Tips for Taking Advantage of an Empty Nest and Making a Positive Transition
How Becoming Empty Nesters Affects Couples
Dear April Masini,
I have three beautiful children who I devote my life to, but now the last one is going off to college. I am heartbroken. Each child's departure gets harder and harder. My husband and I are having trouble facing the fact that we are going to be empty nesters. What will we do with ourselves? I am so used to devoting my life to my children, I don't know how I can feel good about myself knowing that they don't need me anymore.
Sincerely, Empty Nester"
April Masini's Advice :
Dear Empty Nester,
When children leave home, there are many emotions. The best way to affect a positive outcome is to adjust expectations. If parents see their children leaving as a loss and only a loss, then they will have a saddened reaction, and only a saddened reaction. If they see children leaving as a relief, then they will have a relieved reaction and only a relieved reaction.
Reality is usually somewhere in between. Being in touch with the loss and the gain of a change, can make a positive difference in life.
Here are tips for this transition time:
Consider what your time looks like now. What does your day look like, your week and your year? How much extra time do you really have?
What have you always wanted to do and haven't had time for?
Dig deep and make a list. Obviously, starting a career as a prima ballerina is not likely for someone in their 50s or 60s, but writing a book, opening a health food store, selling real estate, traveling, or getting a PhD, are possibilities. Be honest.
Use this time in your life to do what you want to do and open new doors. Consider charity -- not just giving money, but giving time, fostering children or grandchildren, taking charity-time giving trips, etc. Plan that safari or that trek up Macchu Picchu. Get that Master's Degree. Start dating, if you're single, and have been putting off your social life in order to raise your kids. Celebrate the fact that you did it!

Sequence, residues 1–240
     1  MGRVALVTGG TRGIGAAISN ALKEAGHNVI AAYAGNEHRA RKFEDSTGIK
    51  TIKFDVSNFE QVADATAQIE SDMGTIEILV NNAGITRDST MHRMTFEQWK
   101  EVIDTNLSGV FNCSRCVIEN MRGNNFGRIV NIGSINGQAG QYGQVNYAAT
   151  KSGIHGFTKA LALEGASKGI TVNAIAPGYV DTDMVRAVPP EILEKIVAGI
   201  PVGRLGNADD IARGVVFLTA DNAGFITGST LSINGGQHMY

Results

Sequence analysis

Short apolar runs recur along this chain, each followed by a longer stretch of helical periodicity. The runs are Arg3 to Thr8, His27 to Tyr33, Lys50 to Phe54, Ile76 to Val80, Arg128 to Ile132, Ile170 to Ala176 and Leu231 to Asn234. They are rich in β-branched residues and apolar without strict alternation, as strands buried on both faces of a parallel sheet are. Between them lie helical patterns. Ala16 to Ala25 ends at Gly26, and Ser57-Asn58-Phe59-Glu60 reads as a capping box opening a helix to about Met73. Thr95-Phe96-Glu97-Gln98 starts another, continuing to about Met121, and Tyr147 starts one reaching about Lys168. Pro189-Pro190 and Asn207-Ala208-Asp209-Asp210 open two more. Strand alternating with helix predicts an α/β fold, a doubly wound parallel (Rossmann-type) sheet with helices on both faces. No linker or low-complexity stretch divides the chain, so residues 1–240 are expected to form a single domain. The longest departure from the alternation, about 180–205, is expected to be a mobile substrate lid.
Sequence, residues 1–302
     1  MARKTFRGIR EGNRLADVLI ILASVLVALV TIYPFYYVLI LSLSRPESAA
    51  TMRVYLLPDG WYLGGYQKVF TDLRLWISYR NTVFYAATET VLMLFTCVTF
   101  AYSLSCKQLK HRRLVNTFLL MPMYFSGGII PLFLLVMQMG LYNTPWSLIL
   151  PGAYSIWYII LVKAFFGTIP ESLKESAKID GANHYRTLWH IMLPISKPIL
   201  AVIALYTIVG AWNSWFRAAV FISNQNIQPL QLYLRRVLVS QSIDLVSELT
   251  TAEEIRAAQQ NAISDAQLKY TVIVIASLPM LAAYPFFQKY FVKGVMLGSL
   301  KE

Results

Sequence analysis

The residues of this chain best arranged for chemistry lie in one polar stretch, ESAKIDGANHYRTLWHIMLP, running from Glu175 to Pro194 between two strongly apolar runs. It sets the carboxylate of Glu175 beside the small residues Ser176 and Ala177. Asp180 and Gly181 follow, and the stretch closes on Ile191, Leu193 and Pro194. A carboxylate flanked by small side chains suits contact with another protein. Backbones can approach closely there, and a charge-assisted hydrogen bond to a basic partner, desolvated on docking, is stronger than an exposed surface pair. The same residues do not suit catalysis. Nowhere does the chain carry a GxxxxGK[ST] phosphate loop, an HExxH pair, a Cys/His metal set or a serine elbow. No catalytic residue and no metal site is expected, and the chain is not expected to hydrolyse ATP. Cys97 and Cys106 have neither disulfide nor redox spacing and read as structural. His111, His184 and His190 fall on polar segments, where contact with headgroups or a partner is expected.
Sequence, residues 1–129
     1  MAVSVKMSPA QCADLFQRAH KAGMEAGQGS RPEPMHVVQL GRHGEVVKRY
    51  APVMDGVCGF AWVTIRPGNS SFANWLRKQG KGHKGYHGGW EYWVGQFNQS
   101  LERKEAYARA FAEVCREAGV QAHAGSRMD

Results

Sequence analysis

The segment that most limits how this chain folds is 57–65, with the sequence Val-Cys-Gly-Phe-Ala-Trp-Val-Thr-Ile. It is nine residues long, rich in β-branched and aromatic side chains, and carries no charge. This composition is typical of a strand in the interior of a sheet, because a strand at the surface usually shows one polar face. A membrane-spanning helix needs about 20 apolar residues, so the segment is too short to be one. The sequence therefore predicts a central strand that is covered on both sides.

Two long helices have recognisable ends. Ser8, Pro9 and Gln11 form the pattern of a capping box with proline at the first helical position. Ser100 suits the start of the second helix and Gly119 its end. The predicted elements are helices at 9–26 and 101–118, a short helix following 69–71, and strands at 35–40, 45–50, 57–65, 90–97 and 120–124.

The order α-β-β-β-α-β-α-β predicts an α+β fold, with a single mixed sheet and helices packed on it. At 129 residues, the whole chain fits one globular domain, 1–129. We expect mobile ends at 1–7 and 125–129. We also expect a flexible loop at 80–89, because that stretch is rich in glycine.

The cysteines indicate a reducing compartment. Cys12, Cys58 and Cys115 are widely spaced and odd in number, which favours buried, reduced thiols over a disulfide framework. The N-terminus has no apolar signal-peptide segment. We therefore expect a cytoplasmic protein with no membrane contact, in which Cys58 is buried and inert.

How becoming empty nesters affects couples.
When children leave home, and a couple is left home alone, there can be a lot of adjustments necessary. Some of these changes that require adjustments are listed below. Many times parents occupy their time with the children to avoid problems in their own relationship. When the children are gone, those problems emerge more clearly. This is a great time to take the bull by the horns and deal with them. This can be a very creative time in a couples' relationship as they get to know one another again -- or as they are now.
Children -- even adult children -- can be exhausting.
Many times after children leave home and create empty nests, the parents are more exhausted than they realized. In fact, they may just want to lie down for a week -- or two. This residual exhaustion can be confused with depression. It's not that. It's just the cumulative effect of years and years and years of parenting. Rest.
Schedules in the household revolve around kids for many parents.
When children leave home, there is plenty of time for travel, new careers, retirement, hobbies, and social life activities that weren't possible when the kids were around because there wasn't time available or energy.
Sex life renewal.
Children -- of all ages -- put a damper on sexual impulses that parents have for each other. When the kids are gone, couples have an opportunity to recreate or continue to create a sex life that they've changed from before they had children until the kids left home because they were never really alone.
And don't worry. "Make me a sandwich," is a sentence parents will still hear uttered -- whether their child is six or 60. Somehow, even though kids can drive, graduate college, earn a paycheck, and parent children of their own, they still always see mom and dad as mom and dad. Readjusting to a child's newfound independence -- or lack of it -- can be a change that will depend on your own children and your boundaries.